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Facial Recognition.

These two words can prompt uncomfortable images of mass surveillance, racial profiling, and other abhorrent practices. So, why would I broach such a topic in a blog about customer experience?

I believe that there are appropriate use cases for facial recognition in customer experience, and that these use cases are both ethical and advantageous to both the brand and to the customer.

Transparency, ethics, trust must be addressed before considering facial recognition

Before implementing any type of facial recognition, brands must first ensure two important safeguards are in place: customers’ explicit consent and proper privacy and security protocols.

It’s crucial that brands are transparent in informing customers about use of facial recognition technology and that consent is obtained. Brands must also implement robust security measures to protect customer data – in this case, the customer’s face. In fact, it’s a best practice NOT to store the customer image, but rather use technology that identifies specific facial landmarks to recognize the individual.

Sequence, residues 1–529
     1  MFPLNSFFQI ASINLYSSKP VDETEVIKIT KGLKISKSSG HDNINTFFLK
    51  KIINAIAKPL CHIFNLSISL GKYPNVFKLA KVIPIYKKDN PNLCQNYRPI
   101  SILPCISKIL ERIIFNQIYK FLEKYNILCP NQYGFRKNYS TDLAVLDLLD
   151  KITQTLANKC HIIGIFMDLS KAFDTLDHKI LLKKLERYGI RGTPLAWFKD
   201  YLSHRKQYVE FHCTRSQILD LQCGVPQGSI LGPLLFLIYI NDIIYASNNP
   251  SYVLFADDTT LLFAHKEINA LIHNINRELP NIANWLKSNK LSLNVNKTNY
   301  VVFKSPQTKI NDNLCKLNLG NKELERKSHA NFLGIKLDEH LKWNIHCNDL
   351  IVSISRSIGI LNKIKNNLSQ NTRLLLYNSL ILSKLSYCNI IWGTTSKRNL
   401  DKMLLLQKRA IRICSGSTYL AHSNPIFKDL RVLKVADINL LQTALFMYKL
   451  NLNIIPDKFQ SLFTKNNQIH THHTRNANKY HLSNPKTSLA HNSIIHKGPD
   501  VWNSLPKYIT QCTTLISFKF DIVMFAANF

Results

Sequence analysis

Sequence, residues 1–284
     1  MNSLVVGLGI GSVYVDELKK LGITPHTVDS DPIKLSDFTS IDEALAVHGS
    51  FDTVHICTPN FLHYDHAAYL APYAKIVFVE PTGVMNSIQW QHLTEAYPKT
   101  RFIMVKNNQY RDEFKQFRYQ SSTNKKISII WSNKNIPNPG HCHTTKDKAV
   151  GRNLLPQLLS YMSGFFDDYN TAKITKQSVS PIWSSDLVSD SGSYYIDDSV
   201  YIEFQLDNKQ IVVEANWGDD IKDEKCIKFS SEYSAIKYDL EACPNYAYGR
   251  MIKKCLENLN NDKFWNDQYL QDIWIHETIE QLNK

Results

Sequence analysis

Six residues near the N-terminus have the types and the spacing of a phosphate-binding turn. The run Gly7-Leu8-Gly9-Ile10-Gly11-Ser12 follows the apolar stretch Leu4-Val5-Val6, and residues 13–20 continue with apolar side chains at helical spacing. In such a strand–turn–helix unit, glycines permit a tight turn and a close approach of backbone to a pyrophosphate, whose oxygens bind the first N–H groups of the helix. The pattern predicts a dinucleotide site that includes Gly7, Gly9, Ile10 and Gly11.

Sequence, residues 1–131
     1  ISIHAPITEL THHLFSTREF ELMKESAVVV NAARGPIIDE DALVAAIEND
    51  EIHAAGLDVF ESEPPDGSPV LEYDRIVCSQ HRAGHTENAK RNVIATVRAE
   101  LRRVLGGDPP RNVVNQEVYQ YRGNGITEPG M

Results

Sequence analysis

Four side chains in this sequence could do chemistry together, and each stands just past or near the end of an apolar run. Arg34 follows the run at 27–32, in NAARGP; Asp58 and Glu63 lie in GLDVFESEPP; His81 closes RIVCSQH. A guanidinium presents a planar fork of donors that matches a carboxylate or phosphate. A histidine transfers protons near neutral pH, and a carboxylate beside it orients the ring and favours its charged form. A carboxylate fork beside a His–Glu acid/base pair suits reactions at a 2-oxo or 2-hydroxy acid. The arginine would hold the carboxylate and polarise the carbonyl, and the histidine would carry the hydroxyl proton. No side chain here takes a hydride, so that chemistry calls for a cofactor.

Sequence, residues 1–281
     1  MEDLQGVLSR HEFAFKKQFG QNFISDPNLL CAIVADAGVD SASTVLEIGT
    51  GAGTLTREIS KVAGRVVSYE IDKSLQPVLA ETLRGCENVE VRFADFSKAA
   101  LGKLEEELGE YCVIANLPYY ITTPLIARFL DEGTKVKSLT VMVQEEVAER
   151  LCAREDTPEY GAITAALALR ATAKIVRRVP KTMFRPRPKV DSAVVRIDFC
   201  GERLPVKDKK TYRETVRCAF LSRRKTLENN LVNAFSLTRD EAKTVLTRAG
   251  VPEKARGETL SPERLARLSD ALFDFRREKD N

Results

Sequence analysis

With both areas covered, we can explore ways to use images of our customers to give them a more personalized, seamless and emotionally connected experience with our brands.

Facial recognition is already part of our lives

Many of us already give brands our consent to use our faces in different ways. For example, when I scan my member card at my gym, the employee behind the counter sees my picture pop up on their screen and greets me by name.

Another common scenario is the way we open our phones through facial recognition rather than with a code or even our thumbprint. Many of us also allow our photo apps to identify our own faces as well as our family and friends’ faces.

We consent to these uses of our facial features, because … why not? If the gym needs an easy way to verify my identity and add an extra layer of personalization to my experience, that’s fine with me. Opening my phone with my face, rather than typing a code, simplifies my life. And allowing my photo app to identify faces allows me to find specific pictures faster.